Ainsworth did not create her classification plan by following the children, seeing what characteristics they later developed, and retrospectively labeling the toddler behaviors in terms that depended on demonstrated childhood or adult characteristics. No—she  started her work with Bowlby with an existing assumption about security as a foundation for personality.  While a graduate student in Toronto in the 1940s, Ainsworth worked with William Blatz, who did not publish much but who had formulated a theory of personality that stressed early development and the basic need for exploration and learning. (For interested readers, I should point out that I am using only a small amount of the information about Blatz provided by van Rosenmal, van der  Horst, and van der Veer in their 2016 paper “From secure dependency to attachment”, History of Psychology, Vol. 19, pp.22-39). Blatz defined security as “the state of consciousness that accompanies a willingness to accept the consequences of one’s own decisions and actions”, or occurred if someone else could be depended on to help with the consequences. Young children experience an immature, dependent security,  but when they are sure an adult will help them, they can explore and use the adult as a secure base. Confidence and movement toward independence come with exploration and learning about the world. Initially, Blatz felt, a stable mother/caregiver was essential, but as the child explores further, a whole social network comes into the picture. People who do not have a stable caregiver or who do not learn successfully from exploration have to depend on defense mechanisms like rationalization to deal with the discomfort of insecurity.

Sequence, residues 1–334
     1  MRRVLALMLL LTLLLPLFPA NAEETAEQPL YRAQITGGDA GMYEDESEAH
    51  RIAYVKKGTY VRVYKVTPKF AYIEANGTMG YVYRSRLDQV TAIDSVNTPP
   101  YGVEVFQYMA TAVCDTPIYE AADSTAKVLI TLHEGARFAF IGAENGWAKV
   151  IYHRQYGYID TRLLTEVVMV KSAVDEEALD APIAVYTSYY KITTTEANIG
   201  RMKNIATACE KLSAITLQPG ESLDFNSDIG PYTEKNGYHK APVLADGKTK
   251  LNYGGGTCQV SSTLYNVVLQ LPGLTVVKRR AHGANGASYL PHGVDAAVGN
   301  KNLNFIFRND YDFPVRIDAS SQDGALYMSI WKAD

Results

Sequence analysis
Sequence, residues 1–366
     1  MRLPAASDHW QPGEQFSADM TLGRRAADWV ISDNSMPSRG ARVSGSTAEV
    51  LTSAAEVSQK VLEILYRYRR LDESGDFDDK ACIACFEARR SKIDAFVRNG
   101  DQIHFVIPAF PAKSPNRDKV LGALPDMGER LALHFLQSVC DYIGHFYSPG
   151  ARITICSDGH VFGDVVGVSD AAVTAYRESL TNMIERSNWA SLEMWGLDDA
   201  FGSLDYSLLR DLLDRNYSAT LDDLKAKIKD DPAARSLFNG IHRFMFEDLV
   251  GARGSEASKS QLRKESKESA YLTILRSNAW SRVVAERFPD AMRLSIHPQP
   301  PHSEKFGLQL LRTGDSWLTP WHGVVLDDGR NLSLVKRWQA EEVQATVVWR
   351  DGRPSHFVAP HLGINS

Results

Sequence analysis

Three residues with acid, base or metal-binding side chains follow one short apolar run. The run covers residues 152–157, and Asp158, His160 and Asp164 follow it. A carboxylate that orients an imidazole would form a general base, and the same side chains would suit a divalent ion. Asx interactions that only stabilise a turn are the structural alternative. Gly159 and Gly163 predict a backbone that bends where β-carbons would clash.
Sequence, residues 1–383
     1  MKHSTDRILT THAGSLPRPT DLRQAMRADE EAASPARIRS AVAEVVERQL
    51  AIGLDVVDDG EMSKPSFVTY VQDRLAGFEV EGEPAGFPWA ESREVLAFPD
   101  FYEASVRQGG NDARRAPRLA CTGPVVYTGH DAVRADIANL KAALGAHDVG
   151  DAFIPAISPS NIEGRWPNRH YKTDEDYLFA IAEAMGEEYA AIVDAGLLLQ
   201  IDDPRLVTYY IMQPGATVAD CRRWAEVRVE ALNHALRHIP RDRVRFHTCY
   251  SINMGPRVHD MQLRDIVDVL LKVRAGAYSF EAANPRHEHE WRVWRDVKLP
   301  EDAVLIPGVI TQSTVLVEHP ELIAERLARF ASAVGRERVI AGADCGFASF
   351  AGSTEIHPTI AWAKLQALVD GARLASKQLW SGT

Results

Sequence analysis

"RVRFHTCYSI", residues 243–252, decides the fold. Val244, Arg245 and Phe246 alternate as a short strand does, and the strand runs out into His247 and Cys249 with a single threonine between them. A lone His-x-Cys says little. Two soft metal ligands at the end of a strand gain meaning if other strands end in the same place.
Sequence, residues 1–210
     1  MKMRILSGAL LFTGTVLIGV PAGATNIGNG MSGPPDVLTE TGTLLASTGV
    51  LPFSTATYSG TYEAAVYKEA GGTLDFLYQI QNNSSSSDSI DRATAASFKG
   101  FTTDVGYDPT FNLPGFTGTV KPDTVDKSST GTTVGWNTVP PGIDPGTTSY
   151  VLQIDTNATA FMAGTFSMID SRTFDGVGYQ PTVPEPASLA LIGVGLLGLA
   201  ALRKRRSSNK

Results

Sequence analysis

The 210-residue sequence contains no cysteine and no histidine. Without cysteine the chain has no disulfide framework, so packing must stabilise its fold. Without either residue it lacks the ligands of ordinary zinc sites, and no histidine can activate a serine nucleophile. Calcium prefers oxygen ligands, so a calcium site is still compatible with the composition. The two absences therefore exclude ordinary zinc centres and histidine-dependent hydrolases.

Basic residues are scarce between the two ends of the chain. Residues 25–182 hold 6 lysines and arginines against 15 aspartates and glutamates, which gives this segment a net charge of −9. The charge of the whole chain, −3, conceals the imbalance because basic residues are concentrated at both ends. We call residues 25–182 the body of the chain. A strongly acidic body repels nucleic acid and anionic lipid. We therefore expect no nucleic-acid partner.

In the first work that Ainsworth and Bowlby did together, they referred to the positive relationship between mother and child as one of “secure dependency”. Not much later, however, they substituted the term “attachment” for  “secure dependency”—“attachment” having been used for a long time to mean something like “devotion” in adult relationships. Thus, “attachment” and “security” developed the connection that is now so well known, leading many people to assume that an insecure attachment is no attachment at all.   

Am I suggesting that early attachment has no significance at all? No, of course not. Early attachment behavior is a reasonably good proxy measure for how caregivers act toward the child, and how caregivers act toward the child will help shape development throughout childhood and adolescence. Certainly, the small proportion of children who show disorganized attachment by freezing or falling to the floor when reunited with the primary caregiver are showing us that there are problems in the relationship (often associated with traumatic experiences the caregiver has had). These parents and children need help to improve their situations.